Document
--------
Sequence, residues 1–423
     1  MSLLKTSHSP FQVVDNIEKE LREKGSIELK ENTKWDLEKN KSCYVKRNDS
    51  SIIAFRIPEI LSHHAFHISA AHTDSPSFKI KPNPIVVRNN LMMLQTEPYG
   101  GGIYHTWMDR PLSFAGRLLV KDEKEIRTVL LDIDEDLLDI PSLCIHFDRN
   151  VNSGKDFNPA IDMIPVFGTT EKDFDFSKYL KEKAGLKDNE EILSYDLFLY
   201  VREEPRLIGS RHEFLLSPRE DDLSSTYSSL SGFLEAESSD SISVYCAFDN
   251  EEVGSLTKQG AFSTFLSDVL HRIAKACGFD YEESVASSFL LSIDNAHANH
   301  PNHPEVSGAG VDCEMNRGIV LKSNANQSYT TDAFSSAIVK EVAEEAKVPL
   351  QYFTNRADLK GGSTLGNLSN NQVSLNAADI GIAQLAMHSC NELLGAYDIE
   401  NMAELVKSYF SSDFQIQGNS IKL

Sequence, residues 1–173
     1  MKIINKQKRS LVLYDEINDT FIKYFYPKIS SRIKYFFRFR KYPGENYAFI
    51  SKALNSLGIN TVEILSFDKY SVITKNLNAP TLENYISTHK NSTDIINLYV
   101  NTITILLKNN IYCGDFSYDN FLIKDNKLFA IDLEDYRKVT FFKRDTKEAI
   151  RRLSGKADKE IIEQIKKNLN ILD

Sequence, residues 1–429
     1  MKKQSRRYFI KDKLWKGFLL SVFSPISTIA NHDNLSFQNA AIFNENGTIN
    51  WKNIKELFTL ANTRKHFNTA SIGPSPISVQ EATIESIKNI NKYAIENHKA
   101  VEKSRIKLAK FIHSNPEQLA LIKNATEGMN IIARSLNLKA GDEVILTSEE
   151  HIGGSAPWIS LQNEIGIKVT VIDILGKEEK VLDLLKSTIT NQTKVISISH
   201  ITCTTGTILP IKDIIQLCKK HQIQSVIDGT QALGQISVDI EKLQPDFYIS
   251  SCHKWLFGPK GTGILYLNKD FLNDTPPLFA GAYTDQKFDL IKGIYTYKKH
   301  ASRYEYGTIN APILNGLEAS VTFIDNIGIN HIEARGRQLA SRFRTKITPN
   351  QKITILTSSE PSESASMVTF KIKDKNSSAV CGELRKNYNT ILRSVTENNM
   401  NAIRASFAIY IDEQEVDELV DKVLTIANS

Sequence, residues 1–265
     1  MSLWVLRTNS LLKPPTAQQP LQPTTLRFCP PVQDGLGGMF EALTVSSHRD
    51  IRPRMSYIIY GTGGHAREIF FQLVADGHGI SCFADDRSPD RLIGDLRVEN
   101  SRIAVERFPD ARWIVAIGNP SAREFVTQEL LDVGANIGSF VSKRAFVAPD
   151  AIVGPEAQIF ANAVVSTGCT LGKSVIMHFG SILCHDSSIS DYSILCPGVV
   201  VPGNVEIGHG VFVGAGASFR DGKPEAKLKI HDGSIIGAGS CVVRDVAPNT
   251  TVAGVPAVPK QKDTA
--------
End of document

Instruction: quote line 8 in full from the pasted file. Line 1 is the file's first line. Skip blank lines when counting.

   301  PNHPEVSGAG VDCEMNRGIV LKSNANQSYT TDAFSSAIVK EVAEEAKVPL